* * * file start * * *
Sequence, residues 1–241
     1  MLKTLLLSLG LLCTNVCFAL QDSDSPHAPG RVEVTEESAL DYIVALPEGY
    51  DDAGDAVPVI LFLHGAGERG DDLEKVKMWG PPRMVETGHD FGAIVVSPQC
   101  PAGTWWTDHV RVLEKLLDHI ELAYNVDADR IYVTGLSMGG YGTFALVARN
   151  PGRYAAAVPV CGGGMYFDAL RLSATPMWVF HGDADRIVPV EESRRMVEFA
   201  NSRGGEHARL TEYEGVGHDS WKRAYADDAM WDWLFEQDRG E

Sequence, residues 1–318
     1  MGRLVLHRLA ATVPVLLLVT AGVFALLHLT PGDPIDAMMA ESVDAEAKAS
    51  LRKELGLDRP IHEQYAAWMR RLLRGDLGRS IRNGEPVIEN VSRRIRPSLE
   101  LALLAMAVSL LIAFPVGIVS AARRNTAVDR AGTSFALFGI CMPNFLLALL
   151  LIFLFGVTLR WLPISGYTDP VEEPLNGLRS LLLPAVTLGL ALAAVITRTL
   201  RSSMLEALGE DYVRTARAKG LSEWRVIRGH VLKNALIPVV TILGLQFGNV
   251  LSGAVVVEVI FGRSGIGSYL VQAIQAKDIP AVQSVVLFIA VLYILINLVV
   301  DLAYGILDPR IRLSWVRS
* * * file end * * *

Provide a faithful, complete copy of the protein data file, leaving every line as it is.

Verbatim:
Sequence, residues 1–241
     1  MLKTLLLSLG LLCTNVCFAL QDSDSPHAPG RVEVTEESAL DYIVALPEGY
    51  DDAGDAVPVI LFLHGAGERG DDLEKVKMWG PPRMVETGHD FGAIVVSPQC
   101  PAGTWWTDHV RVLEKLLDHI ELAYNVDADR IYVTGLSMGG YGTFALVARN
   151  PGRYAAAVPV CGGGMYFDAL RLSATPMWVF HGDADRIVPV EESRRMVEFA
   201  NSRGGEHARL TEYEGVGHDS WKRAYADDAM WDWLFEQDRG E

Sequence, residues 1–318
     1  MGRLVLHRLA ATVPVLLLVT AGVFALLHLT PGDPIDAMMA ESVDAEAKAS
    51  LRKELGLDRP IHEQYAAWMR RLLRGDLGRS IRNGEPVIEN VSRRIRPSLE
   101  LALLAMAVSL LIAFPVGIVS AARRNTAVDR AGTSFALFGI CMPNFLLALL
   151  LIFLFGVTLR WLPISGYTDP VEEPLNGLRS LLLPAVTLGL ALAAVITRTL
   201  RSSMLEALGE DYVRTARAKG LSEWRVIRGH VLKNALIPVV TILGLQFGNV
   251  LSGAVVVEVI FGRSGIGSYL VQAIQAKDIP AVQSVVLFIA VLYILINLVV
   301  DLAYGILDPR IRLSWVRS